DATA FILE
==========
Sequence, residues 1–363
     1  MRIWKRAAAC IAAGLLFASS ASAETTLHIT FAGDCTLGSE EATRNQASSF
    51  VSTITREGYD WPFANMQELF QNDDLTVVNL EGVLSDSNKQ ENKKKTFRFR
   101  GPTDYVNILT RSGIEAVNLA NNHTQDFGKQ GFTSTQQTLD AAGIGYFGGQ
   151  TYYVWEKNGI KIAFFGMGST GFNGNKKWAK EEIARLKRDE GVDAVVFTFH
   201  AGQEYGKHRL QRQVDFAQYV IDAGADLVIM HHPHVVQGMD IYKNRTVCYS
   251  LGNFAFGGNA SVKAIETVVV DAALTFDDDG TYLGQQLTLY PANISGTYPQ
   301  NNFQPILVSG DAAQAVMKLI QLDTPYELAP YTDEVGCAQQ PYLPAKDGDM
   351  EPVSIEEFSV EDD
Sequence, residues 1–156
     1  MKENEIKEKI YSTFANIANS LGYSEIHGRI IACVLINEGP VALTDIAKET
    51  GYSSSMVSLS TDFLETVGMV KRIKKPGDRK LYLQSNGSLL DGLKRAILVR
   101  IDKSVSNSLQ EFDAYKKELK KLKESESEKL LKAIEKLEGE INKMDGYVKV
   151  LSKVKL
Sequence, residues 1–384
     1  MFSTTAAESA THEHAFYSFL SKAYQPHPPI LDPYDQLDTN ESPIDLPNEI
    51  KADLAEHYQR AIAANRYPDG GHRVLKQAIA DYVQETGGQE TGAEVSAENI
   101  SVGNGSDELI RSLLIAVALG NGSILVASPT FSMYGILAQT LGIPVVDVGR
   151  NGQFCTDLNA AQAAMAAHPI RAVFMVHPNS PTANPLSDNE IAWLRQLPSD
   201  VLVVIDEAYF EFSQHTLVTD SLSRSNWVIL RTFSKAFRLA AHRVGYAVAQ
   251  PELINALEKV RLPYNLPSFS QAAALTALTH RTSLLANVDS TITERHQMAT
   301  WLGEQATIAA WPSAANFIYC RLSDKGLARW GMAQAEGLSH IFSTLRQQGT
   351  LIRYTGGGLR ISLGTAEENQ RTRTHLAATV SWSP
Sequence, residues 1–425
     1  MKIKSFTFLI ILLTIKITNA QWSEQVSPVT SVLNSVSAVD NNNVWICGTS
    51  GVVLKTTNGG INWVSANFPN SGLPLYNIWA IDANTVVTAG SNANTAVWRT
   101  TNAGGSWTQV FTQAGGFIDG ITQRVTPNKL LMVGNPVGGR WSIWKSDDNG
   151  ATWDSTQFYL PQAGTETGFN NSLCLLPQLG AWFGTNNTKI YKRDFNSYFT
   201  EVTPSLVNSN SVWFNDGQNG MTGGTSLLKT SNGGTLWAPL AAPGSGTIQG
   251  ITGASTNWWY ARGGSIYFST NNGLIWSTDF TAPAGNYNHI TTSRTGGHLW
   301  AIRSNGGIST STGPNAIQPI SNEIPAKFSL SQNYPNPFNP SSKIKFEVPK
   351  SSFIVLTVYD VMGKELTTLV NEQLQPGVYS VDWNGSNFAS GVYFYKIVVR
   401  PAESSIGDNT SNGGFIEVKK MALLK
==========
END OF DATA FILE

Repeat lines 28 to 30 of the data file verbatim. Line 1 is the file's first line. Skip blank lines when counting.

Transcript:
   151  ATWDSTQFYL PQAGTETGFN NSLCLLPQLG AWFGTNNTKI YKRDFNSYFT
   201  EVTPSLVNSN SVWFNDGQNG MTGGTSLLKT SNGGTLWAPL AAPGSGTIQG
   251  ITGASTNWWY ARGGSIYFST NNGLIWSTDF TAPAGNYNHI TTSRTGGHLW